- Moody’s Economy.com has a study out today looking at when prices will bottom out nationwide. I don’t have the full report but here are some of the group’s key findings. Keep in mind these are nationwide results:
House prices will stabilize by the end of this year.
The national Case-Shiller house price index will decline by another 11% from the fourth quarter of last year for a total peak-to-trough decline of 36%.
By the end of this unprecedented downturn, house prices will have declined by double digits peak to trough in nearly 62% of the nation’s 381 metro areas. In about 10% of metro areas, price declines will exceed 30%.
The report clarifies that the price bottom in some of the county’s hardest hit markets might not come until 2010 or 2011, according to The Wall Street Journal.
For California, economists such as Chris Thornberg have suggested that peak-to-trough decline will be worse. From my story on the most recent Case-Shiller index for San Diego County:
Thornberg forecasted a bottom for prices within the next year, and projected a peak-to-trough decline at between 55 and 60 percent for California. It’s already fallen about 45 percent statewide, he said. Relative to today’s pricing, that would mean another 25 or 30 percent drop, he said.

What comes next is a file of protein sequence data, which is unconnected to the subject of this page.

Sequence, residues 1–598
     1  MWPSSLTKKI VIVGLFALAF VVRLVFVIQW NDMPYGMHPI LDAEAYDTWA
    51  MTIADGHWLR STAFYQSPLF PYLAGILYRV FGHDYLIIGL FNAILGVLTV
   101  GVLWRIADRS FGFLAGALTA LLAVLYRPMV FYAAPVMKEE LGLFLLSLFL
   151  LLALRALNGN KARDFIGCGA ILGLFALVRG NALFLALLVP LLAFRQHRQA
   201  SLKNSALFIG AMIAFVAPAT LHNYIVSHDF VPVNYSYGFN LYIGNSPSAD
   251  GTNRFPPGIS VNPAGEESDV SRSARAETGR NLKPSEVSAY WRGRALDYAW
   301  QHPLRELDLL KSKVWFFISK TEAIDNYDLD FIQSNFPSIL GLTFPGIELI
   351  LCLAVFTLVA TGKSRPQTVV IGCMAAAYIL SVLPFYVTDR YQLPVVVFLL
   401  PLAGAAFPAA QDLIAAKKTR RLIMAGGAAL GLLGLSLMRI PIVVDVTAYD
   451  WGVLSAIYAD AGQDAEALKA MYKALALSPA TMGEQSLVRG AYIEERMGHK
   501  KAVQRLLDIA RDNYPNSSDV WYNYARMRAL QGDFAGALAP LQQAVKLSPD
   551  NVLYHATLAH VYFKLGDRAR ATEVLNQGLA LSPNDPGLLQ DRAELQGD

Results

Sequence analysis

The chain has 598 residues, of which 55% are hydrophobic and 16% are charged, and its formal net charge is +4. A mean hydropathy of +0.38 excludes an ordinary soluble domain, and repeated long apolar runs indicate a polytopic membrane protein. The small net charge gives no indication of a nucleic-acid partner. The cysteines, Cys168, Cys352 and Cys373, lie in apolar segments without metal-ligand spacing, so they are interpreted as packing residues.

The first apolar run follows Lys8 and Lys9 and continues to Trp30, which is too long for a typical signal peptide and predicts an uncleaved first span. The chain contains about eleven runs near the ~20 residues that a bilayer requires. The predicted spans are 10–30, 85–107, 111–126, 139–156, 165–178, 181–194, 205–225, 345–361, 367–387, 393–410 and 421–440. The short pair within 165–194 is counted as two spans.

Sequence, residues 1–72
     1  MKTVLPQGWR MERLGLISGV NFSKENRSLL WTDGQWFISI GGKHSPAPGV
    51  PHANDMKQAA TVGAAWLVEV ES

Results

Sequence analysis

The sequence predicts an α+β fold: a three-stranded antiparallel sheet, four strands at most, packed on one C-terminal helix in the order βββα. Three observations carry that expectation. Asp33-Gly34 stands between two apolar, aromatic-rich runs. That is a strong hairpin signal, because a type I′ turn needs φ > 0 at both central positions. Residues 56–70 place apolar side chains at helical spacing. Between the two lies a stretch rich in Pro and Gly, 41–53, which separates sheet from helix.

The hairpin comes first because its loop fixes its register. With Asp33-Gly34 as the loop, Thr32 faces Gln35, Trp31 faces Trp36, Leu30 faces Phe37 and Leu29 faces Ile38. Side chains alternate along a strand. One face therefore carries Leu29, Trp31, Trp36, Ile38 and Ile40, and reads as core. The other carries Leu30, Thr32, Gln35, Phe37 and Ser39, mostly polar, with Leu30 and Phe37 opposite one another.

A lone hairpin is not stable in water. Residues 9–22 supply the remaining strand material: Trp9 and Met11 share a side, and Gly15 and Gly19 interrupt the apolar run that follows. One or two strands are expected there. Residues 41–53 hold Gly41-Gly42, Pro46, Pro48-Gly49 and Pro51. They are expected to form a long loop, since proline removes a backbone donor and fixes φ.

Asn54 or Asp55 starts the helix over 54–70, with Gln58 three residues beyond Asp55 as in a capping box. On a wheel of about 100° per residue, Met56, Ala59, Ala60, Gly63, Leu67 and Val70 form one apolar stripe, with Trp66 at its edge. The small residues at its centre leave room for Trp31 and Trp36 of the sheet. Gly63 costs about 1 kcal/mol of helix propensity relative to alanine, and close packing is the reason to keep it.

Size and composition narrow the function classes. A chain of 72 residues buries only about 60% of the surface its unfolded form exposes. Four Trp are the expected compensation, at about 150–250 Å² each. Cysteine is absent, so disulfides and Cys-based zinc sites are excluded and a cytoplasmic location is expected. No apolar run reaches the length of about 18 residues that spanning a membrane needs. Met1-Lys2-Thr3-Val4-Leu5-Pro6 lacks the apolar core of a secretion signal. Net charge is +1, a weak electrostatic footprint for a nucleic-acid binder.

- Bloomberg News ran a story about vacant homes and foreclosure with some fascinating numbers in it from the U.S. Census Bureau. Here’s one: the percentage of empty homes that are listed for sale is 2.9 percent, the most ever on record back to 1956. And the homeownership rate in the country has fallen to 67.5 percent — that’s where the rate was in the first quarter of 2001.
The story quoted USD’s Norm Miller on the difficulty for homeowners that are underwater:
The worst U.S. housing slump since the Great Depression is deepening as foreclosures drain value from neighboring homes and make it more likely owners will walk away from properties worth less than their mortgages. About a third of owners whose home values drop 20 percent or more below their loan principal will “hand the keys back to the bank,” said Norm Miller, director of real estate programs for the School of Business Administration at the University of San Diego.
“When you’re underwater and prices continue to fall, you tend to walk,” Miller said in an interview. “It’s a downward spiral that’s tough to stop because it feeds on itself. Foreclosures encourage other foreclosures and falling prices discourage buying.”
- Here’s a droll tale of the city of Escondido’s hankering for some In-N-Out from reporter Tony Perry in today’s L.A. Times.
(Shh — to avoid intra-county civic rivalry, don’t tell Escondido that Chula Vista just got a new In-N-Out, according to the San Diego Metropolitan Magazine’s February news roundup.)